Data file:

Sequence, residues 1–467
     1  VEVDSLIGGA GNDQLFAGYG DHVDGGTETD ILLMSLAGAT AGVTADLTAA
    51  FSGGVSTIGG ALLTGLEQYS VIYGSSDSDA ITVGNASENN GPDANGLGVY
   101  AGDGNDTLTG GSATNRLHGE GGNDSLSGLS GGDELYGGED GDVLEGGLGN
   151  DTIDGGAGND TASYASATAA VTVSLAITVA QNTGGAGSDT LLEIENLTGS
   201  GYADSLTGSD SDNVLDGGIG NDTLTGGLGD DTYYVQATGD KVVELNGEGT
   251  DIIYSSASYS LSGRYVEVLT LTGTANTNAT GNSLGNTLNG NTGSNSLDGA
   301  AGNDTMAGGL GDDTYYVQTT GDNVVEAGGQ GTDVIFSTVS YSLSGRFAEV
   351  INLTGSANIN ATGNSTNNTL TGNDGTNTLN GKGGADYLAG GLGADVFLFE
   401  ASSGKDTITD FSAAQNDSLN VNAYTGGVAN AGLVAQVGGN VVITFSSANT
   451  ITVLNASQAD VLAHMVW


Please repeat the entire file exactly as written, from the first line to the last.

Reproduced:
Sequence, residues 1–467
     1  VEVDSLIGGA GNDQLFAGYG DHVDGGTETD ILLMSLAGAT AGVTADLTAA
    51  FSGGVSTIGG ALLTGLEQYS VIYGSSDSDA ITVGNASENN GPDANGLGVY
   101  AGDGNDTLTG GSATNRLHGE GGNDSLSGLS GGDELYGGED GDVLEGGLGN
   151  DTIDGGAGND TASYASATAA VTVSLAITVA QNTGGAGSDT LLEIENLTGS
   201  GYADSLTGSD SDNVLDGGIG NDTLTGGLGD DTYYVQATGD KVVELNGEGT
   251  DIIYSSASYS LSGRYVEVLT LTGTANTNAT GNSLGNTLNG NTGSNSLDGA
   301  AGNDTMAGGL GDDTYYVQTT GDNVVEAGGQ GTDVIFSTVS YSLSGRFAEV
   351  INLTGSANIN ATGNSTNNTL TGNDGTNTLN GKGGADYLAG GLGADVFLFE
   401  ASSGKDTITD FSAAQNDSLN VNAYTGGVAN AGLVAQVGGN VVITFSSANT
   451  ITVLNASQAD VLAHMVW